Gilbert Nene Is Terminal

Gilbert Nene Is Terminal
Photo by Vinoth Chandar (copied from Flickr)

Photo by Vinoth Chandar (copied from Flickr)

Did I ever tell you about the time I spent as an echidna? Oh, no, that’s right, of course, I didn’t – I never told anyone. People never want to know about the time I spent as an echidna in New Guinea.

Never mind. Never mind about echidnas, or even platypuses (they tell me it’s platypii, you know. I wrote platypuses and there was such a scene, you’d think I had murdered someone [of which more later]. But I wouldn’t change it. Even when they threatened me I wouldn’t. I was resolute). How can you think about monotremes when there are such dreadful things going on in the world? It makes my belly ache to imagine it. Poverty and penury. That kind of thing.

It makes me glad to be in a residents’ home. You may ask (I asked until my tongue hurt but they wouldn’t tell me) what other kinds of home are there? A home which has no residents isn’t any kind of home, it is simply a house. Never mind. I was telling you about New Guinea, wasn’t I? My echidna period.

As an echidna – which is a spiny anteater – I lived according to my nature by eating desert insects, scooped up with my long, whip-like tongue. My sharp spines protected me from predators and I was also able to dig myself into the ground to foil my foes. I spent three years as an echidna and remember them with fondness.

Never mind about me. What I was meaning to tell you about was – yes, that’s right, it was the occasion that I (no, no, I was not an echidna at that time) killed young Gilbert Nene, which brings me back to my earlier point about it being almost as if I had murdered someone. I had, naturally.

I didn’t care particularly for Gilbert Nene. I didn’t bother to attend his funeral, but then I think he would have preferred me not to in any case (and of course I was not invited). They told me as they meted out their swift justice that Gilbert Nene left behind him three children, as if it were my fault (or as if I should be interested – as I said, I didn’t especially care for the man).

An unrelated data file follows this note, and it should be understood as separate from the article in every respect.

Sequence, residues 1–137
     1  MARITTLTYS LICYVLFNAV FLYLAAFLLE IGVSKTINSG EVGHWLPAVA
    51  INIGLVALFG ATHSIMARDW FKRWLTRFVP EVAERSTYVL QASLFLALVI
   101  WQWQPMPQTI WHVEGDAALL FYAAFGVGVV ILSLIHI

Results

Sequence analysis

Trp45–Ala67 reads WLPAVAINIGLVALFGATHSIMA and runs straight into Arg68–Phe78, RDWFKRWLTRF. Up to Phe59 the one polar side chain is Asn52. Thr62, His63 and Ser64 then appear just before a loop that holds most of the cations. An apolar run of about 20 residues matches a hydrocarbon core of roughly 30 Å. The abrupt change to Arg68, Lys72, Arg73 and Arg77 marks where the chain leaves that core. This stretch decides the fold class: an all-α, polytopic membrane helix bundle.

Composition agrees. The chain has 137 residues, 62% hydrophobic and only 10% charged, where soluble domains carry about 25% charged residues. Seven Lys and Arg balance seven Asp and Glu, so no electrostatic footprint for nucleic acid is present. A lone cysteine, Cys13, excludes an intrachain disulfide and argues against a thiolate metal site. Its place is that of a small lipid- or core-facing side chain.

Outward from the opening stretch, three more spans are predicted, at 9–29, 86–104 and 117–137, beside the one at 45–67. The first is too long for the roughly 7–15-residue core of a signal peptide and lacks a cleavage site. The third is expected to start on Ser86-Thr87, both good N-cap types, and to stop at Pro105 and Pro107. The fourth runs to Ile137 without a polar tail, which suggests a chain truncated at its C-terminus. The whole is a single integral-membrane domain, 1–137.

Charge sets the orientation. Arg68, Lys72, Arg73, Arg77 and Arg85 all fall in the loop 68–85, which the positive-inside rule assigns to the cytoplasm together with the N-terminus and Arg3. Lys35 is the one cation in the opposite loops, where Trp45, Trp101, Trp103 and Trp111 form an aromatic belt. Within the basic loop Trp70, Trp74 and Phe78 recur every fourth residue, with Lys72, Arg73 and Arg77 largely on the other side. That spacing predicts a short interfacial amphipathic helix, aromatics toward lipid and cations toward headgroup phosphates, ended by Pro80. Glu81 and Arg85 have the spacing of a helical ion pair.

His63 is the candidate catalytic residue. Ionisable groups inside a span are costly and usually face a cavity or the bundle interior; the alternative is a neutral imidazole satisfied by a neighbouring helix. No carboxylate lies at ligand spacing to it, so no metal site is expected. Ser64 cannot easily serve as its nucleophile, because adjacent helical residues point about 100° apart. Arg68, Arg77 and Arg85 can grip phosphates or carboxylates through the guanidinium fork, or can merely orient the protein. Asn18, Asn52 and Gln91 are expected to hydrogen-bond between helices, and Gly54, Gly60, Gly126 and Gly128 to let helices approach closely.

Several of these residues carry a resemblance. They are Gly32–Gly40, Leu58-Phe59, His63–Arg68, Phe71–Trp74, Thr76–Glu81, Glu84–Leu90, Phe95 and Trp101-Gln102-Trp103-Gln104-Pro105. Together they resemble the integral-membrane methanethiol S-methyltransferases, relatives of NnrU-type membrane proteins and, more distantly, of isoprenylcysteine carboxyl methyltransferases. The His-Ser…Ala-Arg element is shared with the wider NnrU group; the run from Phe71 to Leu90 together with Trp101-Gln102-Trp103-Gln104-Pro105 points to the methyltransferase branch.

To state the matter bluntly: the very presence of Gilbert Nene gave me wind. There is no escaping the fact (indeed, it seemed there was no escaping the wind) and so, yes, I killed him. I killed him with the jagged edge of a tea-cup. How stereotypical of me! An old chap, armed with a broken tea-cup, stabbing at a young chap – almost like something from Laurel and Hardy.

Murdering Gilbert Nene was, as you may imagine, the moral apogee of my life. Perhaps it was my most evil act. But what are morals to an echidna (I strive to avoid existentialism, but sometimes it seems to creep up)? The killing of young Gilbert came some time after my echidna years, but I still had a degree of echidna in me – and so what cares the echidna for Gilbert Nene (what cares young Gilbert, indeed, for the echidna?)?

Why, though, you may ask – as they did in court (there were surely precious few things they did not ask!) – did young Gilbert provoke my intestinal strain in the first place? And alas, there you have me. I could never quite divine the particular facet of young Gilbert that inspired such gaseous expansions in my gut regions. Doctors told me that there was no cure – no cure for Gilbert Nene. I thus deduced (quite reasonably) my own conclusion: Gilbert Nene is terminal.

Never mind. Just see, at least, that there was after all some good sense invested in the business. Gilbert Nene lies cold beneath the stone, and I suffer no longer. I will be dead soon (for I am old) and then everybody will be happy. Mrs Nene and her troika of Nenelings will romp on my grave and justice will be done.

I will have buried myself deep in the earth, as I used to long ago. Did I ever tell you – yes, of course. You know of the echidna and me. My last secret – gone! What cares the echidna? Gilbert Nene – gone! The echidna is sanguine.

So there are no secrets, no Gilbert, and no wind. A consummation devoutly to be wished! And so to bed. I still have dreams to dream (although the echidna does not dream [I miss those days]) and now the story is told I will enjoy them. I am not sentimental – I will not pray for Gilbert Nene. As I believe I have said, I did not particularly care for the man.

Richard Smyth is a freelance writer. His short fiction has appeared in The Fiction Desk, .Cent, Vintage Script, The Stinging Fly and two anthologies from Arachne Press; in 2013, his story 'Deep' won the LS13 competition for young Leeds writers. His first novel, 'Salt Pie Alley', will be published in 2014. He's also the author of two non-fiction books.

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